• 46% are afraid to work in close physical proximity to their colleagues
  • 75% said they will “go back better prepared to support or cover for co-workers who need to be out of the office”.

Asked about which measures employees think their employers should take in the aftermath of the COVID-19 crisis, respondents cited the following:

  • 85% should allow employees to work from home more frequently
  • 73% should have better cleaning procedures
  • 68% should hold fewer in-person meetings and training sessions
  • 48% should stagger employees’ work schedules
  • 40% should change the office layout
  • 26% should require employees to wear masks

This survey was conducted during the pandemic when people are more prepared to look at past work practices with new eyes. They’ll especially be open to changes where there are clear incentives to lower costs (less business travel), mitigate risks (better cleaning procedures), and reinforce trends already started before the pandemic (staggered or flexible work schedules).  Also, be mindful to look for increasing ways for people to maintain social bonds at work as long as physical distancing is required.

Taking time to engage your staff in considering changes to workplace practices will help prepare all for new ‘rules of engagement’. The survey results above indicate that people will differ in their expectations and priorities, so be open to ‘piloting’ some new, and possibly fun approaches; in Europe, for example, some people are trying out tapping the toes of their shoes rather than shaking hands or giving hugs.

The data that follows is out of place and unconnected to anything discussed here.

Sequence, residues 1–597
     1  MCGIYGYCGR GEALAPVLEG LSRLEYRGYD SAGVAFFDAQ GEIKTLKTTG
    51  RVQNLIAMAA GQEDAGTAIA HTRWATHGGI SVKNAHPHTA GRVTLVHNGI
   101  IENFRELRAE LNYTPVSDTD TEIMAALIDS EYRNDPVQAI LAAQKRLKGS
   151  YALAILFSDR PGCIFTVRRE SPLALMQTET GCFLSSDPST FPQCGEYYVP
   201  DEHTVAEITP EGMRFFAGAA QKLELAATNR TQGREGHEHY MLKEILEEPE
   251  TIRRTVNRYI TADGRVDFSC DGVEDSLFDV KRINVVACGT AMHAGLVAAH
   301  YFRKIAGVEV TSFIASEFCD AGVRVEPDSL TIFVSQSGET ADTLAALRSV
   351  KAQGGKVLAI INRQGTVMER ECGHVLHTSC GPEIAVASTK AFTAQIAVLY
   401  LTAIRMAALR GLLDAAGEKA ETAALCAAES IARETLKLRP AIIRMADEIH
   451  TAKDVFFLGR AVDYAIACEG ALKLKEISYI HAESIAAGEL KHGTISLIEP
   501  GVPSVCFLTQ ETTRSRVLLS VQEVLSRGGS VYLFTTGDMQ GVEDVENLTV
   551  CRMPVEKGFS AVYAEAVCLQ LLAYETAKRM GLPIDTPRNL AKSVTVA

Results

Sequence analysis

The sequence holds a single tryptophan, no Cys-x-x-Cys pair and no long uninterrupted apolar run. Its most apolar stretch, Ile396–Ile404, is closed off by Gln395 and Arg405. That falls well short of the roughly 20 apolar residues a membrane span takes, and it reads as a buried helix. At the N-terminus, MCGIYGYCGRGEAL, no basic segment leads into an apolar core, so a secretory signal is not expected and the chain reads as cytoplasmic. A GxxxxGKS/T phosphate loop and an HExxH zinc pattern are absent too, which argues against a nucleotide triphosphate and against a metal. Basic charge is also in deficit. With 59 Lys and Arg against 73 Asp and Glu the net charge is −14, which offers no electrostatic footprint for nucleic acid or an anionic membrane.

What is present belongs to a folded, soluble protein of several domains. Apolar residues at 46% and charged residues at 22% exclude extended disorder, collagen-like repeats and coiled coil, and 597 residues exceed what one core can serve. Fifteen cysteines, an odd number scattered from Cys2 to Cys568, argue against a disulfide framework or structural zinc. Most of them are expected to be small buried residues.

Managing yourself – What is most important to keep in or add to your routine in order to stay resourceful and resilient?

Life during the pandemic has been called unprecedented and unchartered. There are so many unknowns about its potential full impact and duration, and how people will behave under such uncertain conditions. I’ve taken some guidance in how to prepare for the unknown from my experience of volunteering for two years with CUSO in Nigeria as a physiotherapist. Prior to leaving for my assignment, CUSO provided a week-long orientation to prepare volunteers to experience new cultures and living conditions, and the many challenges we were bound to face.

The theme that was discussed during orientation that stood out for me through my experience was to identify and embrace the ‘reinforcing factors’ in my life; that is, the rewards or supports that enabled me to maintain a state of resourcefulness and resilience. Everyone will have their own: a time for meditation or exercise, a favourite inspirational book, or writing letters by hand to send by post rather than through e-mail. In Nigeria, I took my favourite music, rode my bike to work for exercise (which was acceptable for women, whereas running in shorts and tank tops was not), and found a place to buy the British weekly, The Guardian, that told me what was happening in the world (my experience happened before the Internet was available!).

Think about self-fulfilling activities that work for you and make sure to schedule three on a regular basis. You deserve it.